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Chad's president, rebels sign truce in Libya

President Idriss Deby and Mahamed Nour, the leader of the rebel group pledge to make peace.

india Updated: Dec 25, 2006 11:14 IST

Chad's president and a rebel leader pledged during a meeting held in Libya on Sunday to end the ongoing fighting in their country and urged other rebel groups to lay down their weapons.

President Idriss Deby and Mahamed Nour, the leader of the rebel group that attacked Chad's capital in April, pledged to make peace during a meeting hosted by Libyan leader Moammar Gaddafi. Nour told journalists, "We thank God for enabling us to reach this agreement ... and we urge our colleagues to join it." Nour leads the Chadian United Front for Democratic Change, which launched a failed assault on N'djamena in April.

Competition for power in Chad has intensified since 2004 when it began exporting oil.

Chadian Foreign Minister Ahmat Allam-mi signed the agreement on Sunday on behalf of the government. But President Deby declared his support for the cease-fire.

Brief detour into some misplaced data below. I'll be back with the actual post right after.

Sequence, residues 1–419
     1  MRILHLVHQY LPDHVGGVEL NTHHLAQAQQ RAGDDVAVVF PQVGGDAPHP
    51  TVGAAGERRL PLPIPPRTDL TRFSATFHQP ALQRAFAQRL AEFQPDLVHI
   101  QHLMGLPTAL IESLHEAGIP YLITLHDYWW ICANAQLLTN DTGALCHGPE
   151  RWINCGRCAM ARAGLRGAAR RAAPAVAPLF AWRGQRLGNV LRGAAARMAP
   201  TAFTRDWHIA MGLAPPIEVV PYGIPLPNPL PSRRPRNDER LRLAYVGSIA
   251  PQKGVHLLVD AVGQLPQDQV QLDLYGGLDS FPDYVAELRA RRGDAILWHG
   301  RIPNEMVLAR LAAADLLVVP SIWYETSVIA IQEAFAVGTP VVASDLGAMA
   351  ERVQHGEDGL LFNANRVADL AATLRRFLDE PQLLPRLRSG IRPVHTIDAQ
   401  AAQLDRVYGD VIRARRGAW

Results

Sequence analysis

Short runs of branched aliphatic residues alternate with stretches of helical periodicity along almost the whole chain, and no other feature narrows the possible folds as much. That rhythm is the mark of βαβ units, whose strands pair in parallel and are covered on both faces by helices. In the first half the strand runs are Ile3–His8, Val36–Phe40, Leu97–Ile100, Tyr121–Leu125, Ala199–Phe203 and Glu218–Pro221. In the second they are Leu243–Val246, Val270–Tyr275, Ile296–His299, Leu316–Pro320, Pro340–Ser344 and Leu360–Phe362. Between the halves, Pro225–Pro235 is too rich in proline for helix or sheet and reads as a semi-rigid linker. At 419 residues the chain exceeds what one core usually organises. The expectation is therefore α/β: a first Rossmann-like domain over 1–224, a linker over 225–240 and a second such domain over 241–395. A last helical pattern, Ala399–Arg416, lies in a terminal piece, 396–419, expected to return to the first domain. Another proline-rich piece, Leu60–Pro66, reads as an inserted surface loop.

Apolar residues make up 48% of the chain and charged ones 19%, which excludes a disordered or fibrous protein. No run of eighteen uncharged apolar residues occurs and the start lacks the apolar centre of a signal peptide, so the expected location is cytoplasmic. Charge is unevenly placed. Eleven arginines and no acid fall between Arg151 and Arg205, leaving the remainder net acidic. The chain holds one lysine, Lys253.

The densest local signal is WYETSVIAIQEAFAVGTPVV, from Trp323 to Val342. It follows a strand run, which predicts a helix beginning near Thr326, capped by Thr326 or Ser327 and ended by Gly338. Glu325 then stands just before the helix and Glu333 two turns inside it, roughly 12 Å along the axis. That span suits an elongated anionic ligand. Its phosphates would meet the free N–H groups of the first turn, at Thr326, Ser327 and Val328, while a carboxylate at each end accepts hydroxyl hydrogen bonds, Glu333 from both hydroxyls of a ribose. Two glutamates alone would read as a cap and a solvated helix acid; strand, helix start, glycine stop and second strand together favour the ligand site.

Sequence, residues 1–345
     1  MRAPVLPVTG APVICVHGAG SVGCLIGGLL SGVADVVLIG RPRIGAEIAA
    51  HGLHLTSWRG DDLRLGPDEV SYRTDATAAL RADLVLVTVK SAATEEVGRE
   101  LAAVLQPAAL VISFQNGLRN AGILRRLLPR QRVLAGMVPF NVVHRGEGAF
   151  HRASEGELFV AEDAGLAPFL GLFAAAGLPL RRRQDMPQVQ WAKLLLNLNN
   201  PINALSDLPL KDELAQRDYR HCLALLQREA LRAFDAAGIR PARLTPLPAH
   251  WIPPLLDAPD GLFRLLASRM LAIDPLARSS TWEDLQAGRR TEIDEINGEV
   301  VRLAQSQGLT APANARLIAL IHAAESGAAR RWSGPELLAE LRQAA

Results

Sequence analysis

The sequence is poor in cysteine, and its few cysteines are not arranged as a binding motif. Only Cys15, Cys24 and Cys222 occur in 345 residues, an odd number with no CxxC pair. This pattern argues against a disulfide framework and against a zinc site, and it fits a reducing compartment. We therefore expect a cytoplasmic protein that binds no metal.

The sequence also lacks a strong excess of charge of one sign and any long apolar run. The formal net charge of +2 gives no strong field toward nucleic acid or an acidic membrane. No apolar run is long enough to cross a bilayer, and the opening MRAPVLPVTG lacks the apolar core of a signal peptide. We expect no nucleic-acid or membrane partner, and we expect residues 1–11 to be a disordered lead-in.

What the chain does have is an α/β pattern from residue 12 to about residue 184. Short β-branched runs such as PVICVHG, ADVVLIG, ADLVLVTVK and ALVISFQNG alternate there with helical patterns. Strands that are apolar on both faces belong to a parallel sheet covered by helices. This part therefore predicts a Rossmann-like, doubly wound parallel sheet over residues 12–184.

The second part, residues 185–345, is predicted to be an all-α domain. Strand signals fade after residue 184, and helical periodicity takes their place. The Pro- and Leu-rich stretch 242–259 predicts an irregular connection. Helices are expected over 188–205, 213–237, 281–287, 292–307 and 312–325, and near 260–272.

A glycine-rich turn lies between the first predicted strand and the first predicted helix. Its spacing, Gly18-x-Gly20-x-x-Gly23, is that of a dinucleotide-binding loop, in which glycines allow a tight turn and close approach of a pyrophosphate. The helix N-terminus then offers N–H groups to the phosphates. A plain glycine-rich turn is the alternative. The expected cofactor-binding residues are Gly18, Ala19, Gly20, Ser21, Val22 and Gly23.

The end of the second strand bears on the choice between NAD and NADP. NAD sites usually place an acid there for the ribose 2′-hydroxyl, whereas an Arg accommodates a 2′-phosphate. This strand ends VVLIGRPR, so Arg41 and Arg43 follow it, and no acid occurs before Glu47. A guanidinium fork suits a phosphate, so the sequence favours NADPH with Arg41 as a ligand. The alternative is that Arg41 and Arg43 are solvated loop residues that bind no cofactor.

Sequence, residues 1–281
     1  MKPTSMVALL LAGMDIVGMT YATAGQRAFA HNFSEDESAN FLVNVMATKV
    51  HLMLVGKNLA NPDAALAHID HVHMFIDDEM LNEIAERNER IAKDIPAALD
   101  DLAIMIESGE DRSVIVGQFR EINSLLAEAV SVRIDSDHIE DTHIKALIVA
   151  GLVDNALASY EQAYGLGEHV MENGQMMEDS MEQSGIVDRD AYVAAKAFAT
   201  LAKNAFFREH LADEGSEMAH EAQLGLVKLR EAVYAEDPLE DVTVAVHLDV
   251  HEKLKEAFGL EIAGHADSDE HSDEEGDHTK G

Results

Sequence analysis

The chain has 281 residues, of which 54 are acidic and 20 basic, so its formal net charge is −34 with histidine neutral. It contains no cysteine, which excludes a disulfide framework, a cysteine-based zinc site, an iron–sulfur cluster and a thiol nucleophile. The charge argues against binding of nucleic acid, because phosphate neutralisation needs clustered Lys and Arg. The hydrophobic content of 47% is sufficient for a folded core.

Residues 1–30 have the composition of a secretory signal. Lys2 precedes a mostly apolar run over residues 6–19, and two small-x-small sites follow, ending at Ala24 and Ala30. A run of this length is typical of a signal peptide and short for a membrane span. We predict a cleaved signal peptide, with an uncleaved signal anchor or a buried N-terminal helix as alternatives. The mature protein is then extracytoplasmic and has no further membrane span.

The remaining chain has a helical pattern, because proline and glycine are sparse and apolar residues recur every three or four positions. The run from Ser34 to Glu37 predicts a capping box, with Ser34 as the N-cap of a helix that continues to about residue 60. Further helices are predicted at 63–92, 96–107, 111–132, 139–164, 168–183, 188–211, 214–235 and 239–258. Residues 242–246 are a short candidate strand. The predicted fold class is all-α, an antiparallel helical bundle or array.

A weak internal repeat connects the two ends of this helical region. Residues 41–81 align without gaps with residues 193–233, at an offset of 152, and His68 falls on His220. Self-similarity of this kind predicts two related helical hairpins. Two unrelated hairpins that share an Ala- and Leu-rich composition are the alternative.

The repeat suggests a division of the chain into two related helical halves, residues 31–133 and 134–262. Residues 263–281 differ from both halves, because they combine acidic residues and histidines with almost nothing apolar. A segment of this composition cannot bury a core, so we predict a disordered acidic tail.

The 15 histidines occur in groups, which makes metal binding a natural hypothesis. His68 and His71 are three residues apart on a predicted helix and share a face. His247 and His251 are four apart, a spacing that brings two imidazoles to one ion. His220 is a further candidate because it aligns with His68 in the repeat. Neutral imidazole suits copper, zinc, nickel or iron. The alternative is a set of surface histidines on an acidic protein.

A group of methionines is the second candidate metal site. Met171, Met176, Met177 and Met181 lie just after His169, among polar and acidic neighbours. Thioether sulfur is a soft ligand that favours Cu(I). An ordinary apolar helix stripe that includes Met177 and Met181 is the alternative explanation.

"I vow in front of Gaddafi and everybody that we will be committed to our obligations," Deby told journalists. "I call on those who believe that weapons are the solution to join this agreement."

Gaddafi, who has acted as a mediator in several African conflicts in recent years including those in Sudan, said, "I am against any rebelliousness in Africa and carrying weapons should only be done against occupation, which has ended in Africa." "I hope that the raging fire in the African Horn will be extinguished," the Libyan leader said. "Goodwill must be stronger than the will to destroy."

Libyan state television showed footage of the politicians gathered round a fire in a tent draped with green fabric. A Libyan official close to the talks said the agreement provides for an amnesty for all the rebel group's members, integrating rebels into the military, facilitating the return refugees. The pact is to be implemented over three months, and other rebel groups have a month to sign on, the Libyan official said on condition of anonymity because he was not authorised to speak to the press.

Since early November, some 300 people in eastern Chad have been killed in attacks on more than 70 villages, the United Nations has said. The violence in eastern Chad follows repeated warnings that the Darfur conflict could spill over and engulf the region where Chad, Sudan and the Central African Republic meet. The governments of Chad and Sudan trade accusations that each is supporting the other's rebels _ each side denies the charges. At least 350 people _ troops, rebels and civilians _ died in April during the rebel's assault on N'djamena.

First Published: Dec 25, 2006 05:05 IST